16. There are so many centrist running around the chairs, just waiting for the music to stop.

    Some may vote Republican, but wince whenever the Neocons are at the podium.

    They understand the Democrats but don’t need government as babysitter.

    Lose the Ass;
    the Liberatarian party is holding your seat.

  17. That loud crash you just heard was Thomas Frank hitting the roof.

  18. It is kinda fun to tell conservatives my opinions no some social issues. They can’t fathom the possibility that you may consider some sort of behavior “wrong” or “immoral” but not advocate the use of government to limit such behavior. I’m pretty “agnostic” when it comes to homosexuality…I admit to holding some prejudices on the subject and reserve my right to freely associate (and disassociate) with whomever I wish…But I don’t think that the government should have any say in what consenting adults do on their own property. I also have some opinions on immigration that will infuriate any member of the Michael Savage wing of the Republican party…

    In a similar manner I can really piss off some leftists when I talk about economics. One time a very left-leaning co-worker looked as though he was going to hit me simply because I said something to the effect of: “I don’t really see what the big deal is with letting people keep most of their own money.” His response was: “But that’s laissez-faire!” The last word was spit out like it was something dirty. In his mind wealth can only be taken or redistributed and never created without harming others in some manner. If individuals have a lot of money then it is because it has been unfairly pilfered from others. Advocating “laissez-faire” policies to such an individual is like admitting that you think theft is a reasonable idea. I think that many in the Democratic party share these beliefs and I therefore conclude that Terry Michael’s plan would be impossible to implement without casting out a huge percentage of those individuals who will never grow beyond Marxist and Hobbesian dogma.

  19. Well…Here’s some links for groups that advocate libertarian policies within the two major parties:

    The Republican Liberty Caucus

    The Democratic Freedom Caucus

  20. I had always thought that the Democrats were supposed to be morality-right and government-wrong, while the Republicans were morality-wrong and government-right. So, Michael’s proposal doesn’t surprise me at all.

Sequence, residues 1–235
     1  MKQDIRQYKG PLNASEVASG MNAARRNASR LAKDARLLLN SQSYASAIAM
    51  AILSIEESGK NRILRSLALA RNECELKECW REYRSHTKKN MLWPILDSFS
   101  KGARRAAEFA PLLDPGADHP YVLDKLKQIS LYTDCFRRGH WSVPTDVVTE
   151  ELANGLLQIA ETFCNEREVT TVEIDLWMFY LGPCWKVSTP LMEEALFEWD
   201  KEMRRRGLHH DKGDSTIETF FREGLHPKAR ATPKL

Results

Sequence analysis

Now that the Republicans have become morality-wrong and government-wrong, the closest thing you’ve got to an electable liberal (in the classic sense) party in the US is the Democratic Party.

    For the moment.

  21. MayDay,
    Me too on most of that. However what most of my conservative friends are not in disagreement with me in, to my surprise is the need to legalize drugs. This includes friends of mine who are cops. Some of them do balk at legalizing the harder drugs such as heroin and crack.

  22. “biologist”: “calling the usage of the predominant calendar system a reference to god is just the kind of argument one would expect from someone desperate to prove the founding fathers meant to establish a Christian theocratic government.”

    Great! When do they show up?

    (That knee hit you in the chin? I hope not, that would hurt)

  23. We shouldn’t have long to wait, to see whether this swings a single Democratic vote behind either the President’s plan to reform Social Security, or a better version of it.

    Or has Julian Sanchez redefined “Libertarianism in Action Today!” to mean keeping the current Social Security system – as the lesser of half-a-dozen evils – along with a whopping “one-time” tax increase to pay for it all?

  24. Rather than Pikachu, how about Hello Kitty? They put her on anything.

    Comment by: Franklin Harris at February 10, 2005 09:05 PM

    Like this?

  25. …I’m pretty “agnostic” when it comes to homosexuality…I admit to holding some prejudices on the subject and reserve my right to freely associate (and disassociate) with whomever I wish…

    Comment by: MayDay72 at February 11, 2005 01:54 AM

    I think the idea of sex with a man is disgusting.

    I don’t even know how women put up with it.

    (And I wish I could remember which comedian said that many, many years ago, so I could give him proper credit).

  26. Hey, the Republicans have decided to become the party of more government, less liberty, and imposed morality, so I guess anything is possible. Each party should offer an alternative to the other.

    There’s entirely too much “brand loyalty” and not enough thought in politics.

  27. How about swapping the donkey for a turkey driving a Corvette? That way they could get claim the Ben Franklin connection plus pick up some of that NASCAR redneck vote.